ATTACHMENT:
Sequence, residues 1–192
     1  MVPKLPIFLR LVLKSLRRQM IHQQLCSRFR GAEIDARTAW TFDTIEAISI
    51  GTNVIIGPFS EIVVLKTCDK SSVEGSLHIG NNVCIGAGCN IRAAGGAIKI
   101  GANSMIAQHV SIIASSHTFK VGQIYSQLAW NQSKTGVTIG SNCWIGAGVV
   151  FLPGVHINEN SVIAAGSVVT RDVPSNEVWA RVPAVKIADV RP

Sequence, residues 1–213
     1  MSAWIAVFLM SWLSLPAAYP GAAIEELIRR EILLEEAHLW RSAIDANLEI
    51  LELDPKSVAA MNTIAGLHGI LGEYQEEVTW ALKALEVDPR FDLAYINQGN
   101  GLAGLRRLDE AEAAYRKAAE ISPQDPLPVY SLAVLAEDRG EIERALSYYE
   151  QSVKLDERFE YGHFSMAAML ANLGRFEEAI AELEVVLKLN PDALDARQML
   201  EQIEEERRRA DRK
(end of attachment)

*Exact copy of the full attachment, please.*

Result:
Sequence, residues 1–192
     1  MVPKLPIFLR LVLKSLRRQM IHQQLCSRFR GAEIDARTAW TFDTIEAISI
    51  GTNVIIGPFS EIVVLKTCDK SSVEGSLHIG NNVCIGAGCN IRAAGGAIKI
   101  GANSMIAQHV SIIASSHTFK VGQIYSQLAW NQSKTGVTIG SNCWIGAGVV
   151  FLPGVHINEN SVIAAGSVVT RDVPSNEVWA RVPAVKIADV RP

Sequence, residues 1–213
     1  MSAWIAVFLM SWLSLPAAYP GAAIEELIRR EILLEEAHLW RSAIDANLEI
    51  LELDPKSVAA MNTIAGLHGI LGEYQEEVTW ALKALEVDPR FDLAYINQGN
   101  GLAGLRRLDE AEAAYRKAAE ISPQDPLPVY SLAVLAEDRG EIERALSYYE
   151  QSVKLDERFE YGHFSMAAML ANLGRFEEAI AELEVVLKLN PDALDARQML
   201  EQIEEERRRA DRK